Date of Award

2019

Degree Type

Dissertation

Degree Name

Doctor of Philosophy in Pharmaceutical Sciences

Department

Biomedical and Pharmaceutical Sciences

First Advisor

Samantha A. Meenach

Abstract

Particle-based delivery systems have been investigated for their potential to increase the efficacy of patient diagnoses and treatments. In many cases, these systems increase the bioavailability and/or decrease the toxicity of clinically relevant drugs. These developments have led to improvements in patient compliance, morbidity, mortality, and quality of life. To date, particle-based delivery systems have been evaluated in hundreds of clinical trials around the world. Unlike conventional delivery systems, particle-based delivery systems offer increased surface area, colloidal stability, and system tunability, all of which can be tailored to target the disease state of interest and specific patient population.

Although there are examples of successful particle-based drug products, there are numerous obstacles that consistently shunt the ability for these systems to be translated from benchside to bedside. Two consistent obstacles are drug toxicity and scale-up manufacturing. Drug toxicity is largely caused by inefficient targeting, inopportune routes of administration (i.e. oral delivery for a pulmonary disease), and unfavorable release mechanisms. Scale-up manufacturing is a continual industrial interest, given that particle-based drug products are increasing in popularity, however scale-up procedures are still in development and face their own challenges. A potential method to overcome the obstacles faced in drug delivery is the development of new polymers, either by synthesis of novel entities or derivatization of current ones. To ensure biocompatibility, the latter is a common practice. Biopolymers such as chitosan, hyaluronic acid, poly(lactic-co-glycolic acid) (PLGA), and naturally occurring polysaccharides undergo modifications to achieve desirable characteristics for drug delivery. Acetalated dextran (Ac-Dex) is a synthetic biopolymer derived from dextran, a naturally produced hydrophilic polysaccharide. Following a one-step reaction, the hydroxyl moieties of dextran are converted to acetal groups, transitioning the biopolymer from hydrophilic to lipophilic solubility. Hydroxyl moieties still present on the backbone can provide a handle for ligand attachment to actively target specific sites of the body. Additionally, controlling the reaction time and altering the molecular weight of the dextran backbone can alter the degradation kinetics, providing flexibility to achieve desirable release kinetics for a therapeutic of interest. Overall, Ac-Dex demonstrates cost-effective and efficient synthesis, easy tunability for targeting, and flexibility in controlling release kinetics, all of which propitiate its promise as a drug carrier.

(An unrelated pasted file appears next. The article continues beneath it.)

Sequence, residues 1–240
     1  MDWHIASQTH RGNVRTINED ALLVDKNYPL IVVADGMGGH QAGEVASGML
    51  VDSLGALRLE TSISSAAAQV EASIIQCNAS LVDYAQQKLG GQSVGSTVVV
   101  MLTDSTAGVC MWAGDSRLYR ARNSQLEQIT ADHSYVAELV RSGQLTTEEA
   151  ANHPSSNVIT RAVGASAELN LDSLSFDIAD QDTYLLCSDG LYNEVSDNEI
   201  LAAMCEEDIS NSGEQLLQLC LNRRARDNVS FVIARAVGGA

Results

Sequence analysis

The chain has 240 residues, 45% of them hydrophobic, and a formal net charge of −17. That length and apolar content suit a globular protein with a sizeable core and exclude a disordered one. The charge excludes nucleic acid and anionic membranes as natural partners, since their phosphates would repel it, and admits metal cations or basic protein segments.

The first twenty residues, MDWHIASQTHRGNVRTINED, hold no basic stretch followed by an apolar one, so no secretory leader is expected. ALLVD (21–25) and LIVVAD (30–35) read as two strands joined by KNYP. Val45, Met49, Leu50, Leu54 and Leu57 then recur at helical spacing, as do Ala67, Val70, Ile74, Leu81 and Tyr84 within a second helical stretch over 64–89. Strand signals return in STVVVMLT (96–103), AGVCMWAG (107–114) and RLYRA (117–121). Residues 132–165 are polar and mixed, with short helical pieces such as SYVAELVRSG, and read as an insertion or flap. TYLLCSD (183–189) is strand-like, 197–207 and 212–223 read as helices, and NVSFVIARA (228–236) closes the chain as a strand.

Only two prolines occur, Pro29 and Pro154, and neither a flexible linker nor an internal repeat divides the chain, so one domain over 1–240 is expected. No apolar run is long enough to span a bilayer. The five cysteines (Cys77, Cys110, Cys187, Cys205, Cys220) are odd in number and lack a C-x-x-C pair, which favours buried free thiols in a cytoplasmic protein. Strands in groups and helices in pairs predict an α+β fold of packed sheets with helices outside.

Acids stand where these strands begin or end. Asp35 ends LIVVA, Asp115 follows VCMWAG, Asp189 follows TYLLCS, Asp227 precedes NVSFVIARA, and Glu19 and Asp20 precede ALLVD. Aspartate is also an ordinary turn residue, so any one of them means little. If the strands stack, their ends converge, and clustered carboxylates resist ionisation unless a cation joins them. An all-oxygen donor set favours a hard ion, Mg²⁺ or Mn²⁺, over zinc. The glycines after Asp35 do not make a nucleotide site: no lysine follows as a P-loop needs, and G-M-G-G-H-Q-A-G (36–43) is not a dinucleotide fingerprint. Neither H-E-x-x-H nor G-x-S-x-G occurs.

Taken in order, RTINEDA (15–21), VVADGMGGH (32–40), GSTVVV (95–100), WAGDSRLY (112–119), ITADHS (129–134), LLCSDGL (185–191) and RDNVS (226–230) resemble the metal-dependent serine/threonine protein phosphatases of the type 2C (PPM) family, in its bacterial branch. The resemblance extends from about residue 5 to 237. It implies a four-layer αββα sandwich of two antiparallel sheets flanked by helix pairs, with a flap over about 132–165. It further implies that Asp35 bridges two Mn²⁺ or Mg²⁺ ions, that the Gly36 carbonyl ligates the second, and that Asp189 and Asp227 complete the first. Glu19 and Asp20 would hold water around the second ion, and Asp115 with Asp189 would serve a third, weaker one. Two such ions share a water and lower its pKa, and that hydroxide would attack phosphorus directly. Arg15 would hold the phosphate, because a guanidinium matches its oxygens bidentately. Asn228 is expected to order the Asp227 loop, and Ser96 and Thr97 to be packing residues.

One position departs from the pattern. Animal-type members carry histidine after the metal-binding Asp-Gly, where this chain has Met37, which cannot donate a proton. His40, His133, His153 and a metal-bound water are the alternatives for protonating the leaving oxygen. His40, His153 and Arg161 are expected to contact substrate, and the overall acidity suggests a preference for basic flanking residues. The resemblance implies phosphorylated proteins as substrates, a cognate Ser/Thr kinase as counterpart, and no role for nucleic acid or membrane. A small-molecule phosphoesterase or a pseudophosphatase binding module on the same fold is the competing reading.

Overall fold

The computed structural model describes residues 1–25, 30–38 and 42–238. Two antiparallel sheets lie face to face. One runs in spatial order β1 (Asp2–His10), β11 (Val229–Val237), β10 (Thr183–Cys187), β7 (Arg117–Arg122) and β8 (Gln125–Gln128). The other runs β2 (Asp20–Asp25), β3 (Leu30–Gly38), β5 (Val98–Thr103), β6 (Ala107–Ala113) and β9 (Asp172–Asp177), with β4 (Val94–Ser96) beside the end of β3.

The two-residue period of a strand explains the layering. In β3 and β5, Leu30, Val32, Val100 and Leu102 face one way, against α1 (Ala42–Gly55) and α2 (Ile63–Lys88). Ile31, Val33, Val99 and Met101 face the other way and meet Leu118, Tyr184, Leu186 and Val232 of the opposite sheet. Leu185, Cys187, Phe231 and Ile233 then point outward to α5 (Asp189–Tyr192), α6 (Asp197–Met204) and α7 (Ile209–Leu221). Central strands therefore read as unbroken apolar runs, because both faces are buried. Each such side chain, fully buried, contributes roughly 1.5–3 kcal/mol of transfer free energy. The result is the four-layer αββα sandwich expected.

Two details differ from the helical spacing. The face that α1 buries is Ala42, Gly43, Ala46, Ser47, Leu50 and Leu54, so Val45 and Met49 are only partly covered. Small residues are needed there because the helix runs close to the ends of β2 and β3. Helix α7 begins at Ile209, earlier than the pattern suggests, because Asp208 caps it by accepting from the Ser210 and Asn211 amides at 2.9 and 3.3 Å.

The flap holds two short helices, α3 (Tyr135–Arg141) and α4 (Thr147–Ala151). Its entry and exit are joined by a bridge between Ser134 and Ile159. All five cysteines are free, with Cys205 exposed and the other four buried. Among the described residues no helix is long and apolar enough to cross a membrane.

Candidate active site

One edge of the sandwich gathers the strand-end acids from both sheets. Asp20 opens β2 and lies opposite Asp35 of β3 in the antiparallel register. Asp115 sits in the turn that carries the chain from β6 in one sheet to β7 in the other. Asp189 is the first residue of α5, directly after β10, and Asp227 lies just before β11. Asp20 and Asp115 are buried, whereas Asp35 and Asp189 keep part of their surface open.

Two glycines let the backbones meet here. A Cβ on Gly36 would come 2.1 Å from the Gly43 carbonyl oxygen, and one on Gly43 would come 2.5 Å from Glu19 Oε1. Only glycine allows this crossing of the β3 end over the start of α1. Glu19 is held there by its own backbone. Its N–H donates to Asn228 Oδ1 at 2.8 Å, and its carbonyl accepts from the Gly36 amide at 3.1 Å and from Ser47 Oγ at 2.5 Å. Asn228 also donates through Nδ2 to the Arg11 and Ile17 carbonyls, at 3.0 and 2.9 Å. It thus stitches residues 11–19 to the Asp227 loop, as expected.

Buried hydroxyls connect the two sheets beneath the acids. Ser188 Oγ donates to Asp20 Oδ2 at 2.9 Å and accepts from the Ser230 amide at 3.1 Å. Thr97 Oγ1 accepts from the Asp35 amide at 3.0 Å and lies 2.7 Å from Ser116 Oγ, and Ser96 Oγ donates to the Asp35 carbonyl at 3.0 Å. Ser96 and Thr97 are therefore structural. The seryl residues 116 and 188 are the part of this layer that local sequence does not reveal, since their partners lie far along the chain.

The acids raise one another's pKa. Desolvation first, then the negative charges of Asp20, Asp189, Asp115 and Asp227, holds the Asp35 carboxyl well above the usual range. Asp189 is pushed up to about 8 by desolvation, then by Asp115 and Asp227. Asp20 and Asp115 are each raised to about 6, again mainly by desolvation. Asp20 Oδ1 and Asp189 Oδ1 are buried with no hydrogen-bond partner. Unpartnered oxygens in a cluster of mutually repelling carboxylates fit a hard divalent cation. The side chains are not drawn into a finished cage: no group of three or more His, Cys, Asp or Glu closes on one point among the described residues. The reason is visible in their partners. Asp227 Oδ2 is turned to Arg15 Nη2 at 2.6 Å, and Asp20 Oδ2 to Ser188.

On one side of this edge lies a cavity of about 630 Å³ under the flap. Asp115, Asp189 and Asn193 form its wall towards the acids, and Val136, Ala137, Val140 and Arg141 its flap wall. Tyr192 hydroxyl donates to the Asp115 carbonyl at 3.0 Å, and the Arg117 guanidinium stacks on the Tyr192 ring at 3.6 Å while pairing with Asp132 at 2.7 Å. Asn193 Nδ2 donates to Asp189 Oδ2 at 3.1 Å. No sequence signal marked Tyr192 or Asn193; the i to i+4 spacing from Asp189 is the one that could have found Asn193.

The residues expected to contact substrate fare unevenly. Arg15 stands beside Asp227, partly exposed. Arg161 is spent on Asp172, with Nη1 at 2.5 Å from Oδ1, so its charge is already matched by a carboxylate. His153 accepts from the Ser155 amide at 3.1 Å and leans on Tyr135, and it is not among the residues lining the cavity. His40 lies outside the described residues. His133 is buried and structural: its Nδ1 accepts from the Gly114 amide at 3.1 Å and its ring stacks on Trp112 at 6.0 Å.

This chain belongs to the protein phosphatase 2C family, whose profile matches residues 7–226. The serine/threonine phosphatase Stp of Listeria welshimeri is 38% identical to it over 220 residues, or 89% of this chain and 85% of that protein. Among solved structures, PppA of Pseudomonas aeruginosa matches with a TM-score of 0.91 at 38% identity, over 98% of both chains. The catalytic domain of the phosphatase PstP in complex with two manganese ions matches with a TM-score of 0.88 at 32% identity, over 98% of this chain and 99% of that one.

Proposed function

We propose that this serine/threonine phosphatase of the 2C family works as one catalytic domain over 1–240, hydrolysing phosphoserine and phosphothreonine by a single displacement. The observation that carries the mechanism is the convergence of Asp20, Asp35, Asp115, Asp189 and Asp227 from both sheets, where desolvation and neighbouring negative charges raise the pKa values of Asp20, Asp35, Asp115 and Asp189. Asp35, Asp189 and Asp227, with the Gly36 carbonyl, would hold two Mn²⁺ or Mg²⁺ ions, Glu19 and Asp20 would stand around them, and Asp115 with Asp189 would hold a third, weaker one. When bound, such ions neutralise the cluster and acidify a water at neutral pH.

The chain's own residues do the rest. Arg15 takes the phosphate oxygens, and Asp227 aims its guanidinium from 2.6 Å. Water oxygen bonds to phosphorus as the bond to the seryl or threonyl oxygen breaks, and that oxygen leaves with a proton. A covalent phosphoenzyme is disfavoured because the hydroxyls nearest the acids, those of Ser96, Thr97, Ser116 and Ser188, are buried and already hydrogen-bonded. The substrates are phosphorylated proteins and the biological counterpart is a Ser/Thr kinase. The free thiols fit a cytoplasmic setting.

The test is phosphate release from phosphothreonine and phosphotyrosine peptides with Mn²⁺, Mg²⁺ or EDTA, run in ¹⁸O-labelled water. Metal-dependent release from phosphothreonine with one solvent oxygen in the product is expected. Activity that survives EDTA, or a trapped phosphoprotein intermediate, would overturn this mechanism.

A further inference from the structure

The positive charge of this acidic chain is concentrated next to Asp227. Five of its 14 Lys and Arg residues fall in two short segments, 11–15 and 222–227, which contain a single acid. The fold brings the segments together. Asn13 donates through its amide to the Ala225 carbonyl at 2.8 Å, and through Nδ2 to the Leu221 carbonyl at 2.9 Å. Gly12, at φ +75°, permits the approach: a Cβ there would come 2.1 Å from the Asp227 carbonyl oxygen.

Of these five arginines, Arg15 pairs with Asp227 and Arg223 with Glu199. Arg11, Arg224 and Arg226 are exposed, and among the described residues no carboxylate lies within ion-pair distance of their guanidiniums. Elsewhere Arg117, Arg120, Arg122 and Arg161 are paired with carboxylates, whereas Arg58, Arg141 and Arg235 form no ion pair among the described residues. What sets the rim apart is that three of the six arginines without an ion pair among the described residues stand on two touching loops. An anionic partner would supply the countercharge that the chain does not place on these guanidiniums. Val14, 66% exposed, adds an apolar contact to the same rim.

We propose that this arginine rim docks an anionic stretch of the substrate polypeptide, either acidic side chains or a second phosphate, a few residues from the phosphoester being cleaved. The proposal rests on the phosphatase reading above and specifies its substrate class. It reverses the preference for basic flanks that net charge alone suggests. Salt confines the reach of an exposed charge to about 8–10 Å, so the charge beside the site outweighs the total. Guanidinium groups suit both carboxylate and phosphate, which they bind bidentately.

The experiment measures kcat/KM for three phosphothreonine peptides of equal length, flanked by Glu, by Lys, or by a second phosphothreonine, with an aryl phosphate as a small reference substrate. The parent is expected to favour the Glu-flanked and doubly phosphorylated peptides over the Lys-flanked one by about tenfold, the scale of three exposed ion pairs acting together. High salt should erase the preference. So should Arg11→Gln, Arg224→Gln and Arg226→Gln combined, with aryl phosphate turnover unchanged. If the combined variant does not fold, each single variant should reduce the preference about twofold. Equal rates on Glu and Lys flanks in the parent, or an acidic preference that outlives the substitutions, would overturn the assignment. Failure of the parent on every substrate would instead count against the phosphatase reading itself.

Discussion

The purpose of this dissertation was to utilize the advantages of Ac-Dex to investigate its potential as a drug carrier to overcome challenges that exist in the field of drug delivery. Manuscript 1 focuses on decreasing drug toxicity using active targeting. Here, Ac-Dex nanoparticles (NP) were synthesized and coated with phosphatidylserine to instigate macrophage uptake for the potential to treat diseases that use these cells as reservoirs, such as tuberculosis and HIV. Manuscript 2 focuses on the synthesis of Ac-Dex microparticles (MP), followed by an exploration of their ability to modulate the release of water-soluble cargo. Ac-Dex MP were synthesized via spray drying and were loaded with a water-soluble dye. Following the synthesis, MP were evaluated for their characteristics and drug release behaviors in multiple pH environments. Manuscript 3 uses Ac-Dex as an economical model drug carrier and focused on studying the effects of tangential flow filtration (TFF) parameters (factors) on the characteristics of NP (responses) to explore its promise as a scale-up purification technique. The final manuscript focuses on the physical characterization and development of nanocomposite microparticle system for localized delivery of the small molecule Eact, a potential therapeutic for pulmonary arterial hypertension.

Previously published reports show that Ac-Dex demonstrates significant promise as a versatile, cost-and time-effective, and promising drug carrier for a range of applications and disease states. The manuscripts in this dissertation all explore uncharted territories of Ac-Dex’s potential, further demonstrating its versatility and promise to overcome current drug delivery obstacles.

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